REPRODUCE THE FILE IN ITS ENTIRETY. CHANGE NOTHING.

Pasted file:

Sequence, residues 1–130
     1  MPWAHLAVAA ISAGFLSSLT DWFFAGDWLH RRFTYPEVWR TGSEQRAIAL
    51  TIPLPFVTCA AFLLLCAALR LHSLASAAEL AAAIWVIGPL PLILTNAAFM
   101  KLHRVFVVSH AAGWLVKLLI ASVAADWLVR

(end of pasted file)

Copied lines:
Sequence, residues 1–130
     1  MPWAHLAVAA ISAGFLSSLT DWFFAGDWLH RRFTYPEVWR TGSEQRAIAL
    51  TIPLPFVTCA AFLLLCAALR LHSLASAAEL AAAIWVIGPL PLILTNAAFM
   101  KLHRVFVVSH AAGWLVKLLI ASVAADWLVR